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Paraneoplastic pemphigus (PNP) is an autoimmune disease that adversely affects the skin and mucous membranes. Symptoms typically include blisters in the oral cavity and esophagus as well as in the genital region and sometimes the lungs. Fever, chills and other flu-like symptoms may present as well. Individuals with certain types of cancer, such as lymphoma, are often diagnosed with this chronic condition. There is no cure for paraneoplastic pemphigus, therefore, treatment is generally centered on symptom management and is entirely dependent on the severity of symptom presentation.
There is no known, definitive cause for the development of paraneoplastic pemphigus. In the presence of an autoimmune condition, an individual’s immune system is unable to differentiate between foreign and known substances, which triggers the development of unnecessary antibodies. The immune response of someone with paraneoplastic pemphigus involves the production of antibodies that are designed to eliminate proteins known as desmogleins, which play a pivotal role in the stabilization of skin cells. As the antibodies attack, skin cells are separated from one another, resulting in blister formation.
A diagnosis of pemphigus generally results from a process of elimination. Due to the ubiquitousness of blisters as a symptom, pemphigus signs may be mistaken for those associated with a different condition. Considering the development of pemphigus-induced blisters is usually confined to the oral cavity and genital region, a series of diagnostic tests may be administered to confirm a diagnosis. Symptomatic individuals will generally undergo a blood test and skin biopsy to verify the presence of pemphigus-associated antibodies known as anti-desmogleins.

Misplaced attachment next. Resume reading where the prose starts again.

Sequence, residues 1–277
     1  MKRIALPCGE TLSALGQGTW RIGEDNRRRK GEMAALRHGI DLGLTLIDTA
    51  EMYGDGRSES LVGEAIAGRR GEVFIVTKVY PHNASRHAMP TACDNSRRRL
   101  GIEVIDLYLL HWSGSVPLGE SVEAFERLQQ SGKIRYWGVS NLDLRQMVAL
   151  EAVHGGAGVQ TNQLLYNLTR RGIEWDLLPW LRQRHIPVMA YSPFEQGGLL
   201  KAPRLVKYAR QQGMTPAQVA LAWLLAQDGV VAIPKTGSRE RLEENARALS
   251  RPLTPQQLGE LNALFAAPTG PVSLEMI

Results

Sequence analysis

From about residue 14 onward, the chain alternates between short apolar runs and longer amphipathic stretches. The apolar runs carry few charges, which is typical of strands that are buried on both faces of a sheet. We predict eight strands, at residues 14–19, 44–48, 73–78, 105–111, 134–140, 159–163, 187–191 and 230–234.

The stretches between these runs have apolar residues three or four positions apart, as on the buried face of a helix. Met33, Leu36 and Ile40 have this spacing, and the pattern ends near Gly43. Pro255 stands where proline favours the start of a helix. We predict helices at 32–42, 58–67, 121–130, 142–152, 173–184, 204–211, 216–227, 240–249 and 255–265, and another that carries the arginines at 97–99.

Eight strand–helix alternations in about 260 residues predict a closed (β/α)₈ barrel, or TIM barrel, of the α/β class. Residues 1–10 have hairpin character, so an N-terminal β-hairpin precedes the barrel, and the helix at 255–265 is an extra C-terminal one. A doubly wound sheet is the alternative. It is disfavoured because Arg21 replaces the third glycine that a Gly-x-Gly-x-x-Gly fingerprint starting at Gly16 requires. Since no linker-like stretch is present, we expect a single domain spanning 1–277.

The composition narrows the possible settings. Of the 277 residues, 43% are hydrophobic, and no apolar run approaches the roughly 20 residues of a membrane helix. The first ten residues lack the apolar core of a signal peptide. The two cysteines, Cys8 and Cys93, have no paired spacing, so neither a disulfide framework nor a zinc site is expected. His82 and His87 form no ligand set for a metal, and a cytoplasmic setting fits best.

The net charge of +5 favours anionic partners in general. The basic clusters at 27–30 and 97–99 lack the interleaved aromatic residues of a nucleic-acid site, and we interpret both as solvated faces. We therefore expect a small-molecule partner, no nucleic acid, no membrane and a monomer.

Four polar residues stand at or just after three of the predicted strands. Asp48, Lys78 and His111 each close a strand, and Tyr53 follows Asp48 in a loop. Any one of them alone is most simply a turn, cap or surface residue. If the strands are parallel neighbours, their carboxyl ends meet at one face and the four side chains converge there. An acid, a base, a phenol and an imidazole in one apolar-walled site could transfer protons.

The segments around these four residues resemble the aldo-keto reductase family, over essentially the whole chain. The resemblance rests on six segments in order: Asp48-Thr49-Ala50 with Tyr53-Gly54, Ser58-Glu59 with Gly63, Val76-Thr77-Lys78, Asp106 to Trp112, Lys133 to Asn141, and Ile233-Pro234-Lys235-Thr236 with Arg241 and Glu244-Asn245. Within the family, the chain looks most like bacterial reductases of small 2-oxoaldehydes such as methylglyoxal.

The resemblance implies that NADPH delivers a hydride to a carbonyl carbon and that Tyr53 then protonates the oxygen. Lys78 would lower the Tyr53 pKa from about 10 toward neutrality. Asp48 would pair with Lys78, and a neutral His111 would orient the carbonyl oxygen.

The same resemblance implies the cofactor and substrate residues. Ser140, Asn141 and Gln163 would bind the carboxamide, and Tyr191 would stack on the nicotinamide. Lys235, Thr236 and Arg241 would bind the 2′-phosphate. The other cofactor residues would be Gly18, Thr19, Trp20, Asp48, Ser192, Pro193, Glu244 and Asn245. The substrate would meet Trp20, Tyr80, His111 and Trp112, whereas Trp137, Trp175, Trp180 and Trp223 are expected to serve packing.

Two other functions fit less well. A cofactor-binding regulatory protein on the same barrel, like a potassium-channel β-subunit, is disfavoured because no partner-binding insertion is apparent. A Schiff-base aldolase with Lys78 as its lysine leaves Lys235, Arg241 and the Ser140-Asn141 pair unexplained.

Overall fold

Individuals with paraneoplastic pemphigus will generally develop blisters within and without the oral cavity and esophagus. The presence of blisters can cause extreme discomfort, making eating, drinking and swallowing difficult. It also is not uncommon for some individuals to develop blisters in their lungs that can compromise their ability to breathe. Additional signs of pemphigus can include fever and flu-like symptoms, such as widespread achiness and chills.
If left untreated, paraneoplastic pemphigus symptoms can progress, leading to the spread of blisters to other dermal regions, including the face and chest. Blisters that rupture and become infected can contribute to the development of a blood infection, known as sepsis, if appropriate treatment is delayed or absent. Considering that individuals with a malignant condition often possess compromised immunity, they may be more susceptible to infection. Other complications of paraneoplastic pemphigus may include a severe impairment of respiration and premature death.
Timely and appropriate treatment is essential to managing one’s symptoms and slowing disease progression. Mild presentations generally necessitate the administration of a corticosteroid medication to ease inflammation. In some cases, antibiotic and antiviral medications may be utilized to eliminate infection and prevent reinfection. Severe presentations of paraneoplastic pemphigus often necessitate a more intricate treatment approach.
Those with severe or widespread infection may require hospitalization to stabilize their condition. When the prominence and severity of blisters within the oral cavity prevent one from eating or drinking, intravenous fluids and nutrients, including electrolytes and potassium, are administered to facilitate nutritional balance and prevent dehydration. In some cases, a process known as therapeutic plasmapheresis may be performed to cleanse the individual’s plasma of unnecessary antibodies that are contributing to a continued worsening of symptoms and accelerated disease progression.
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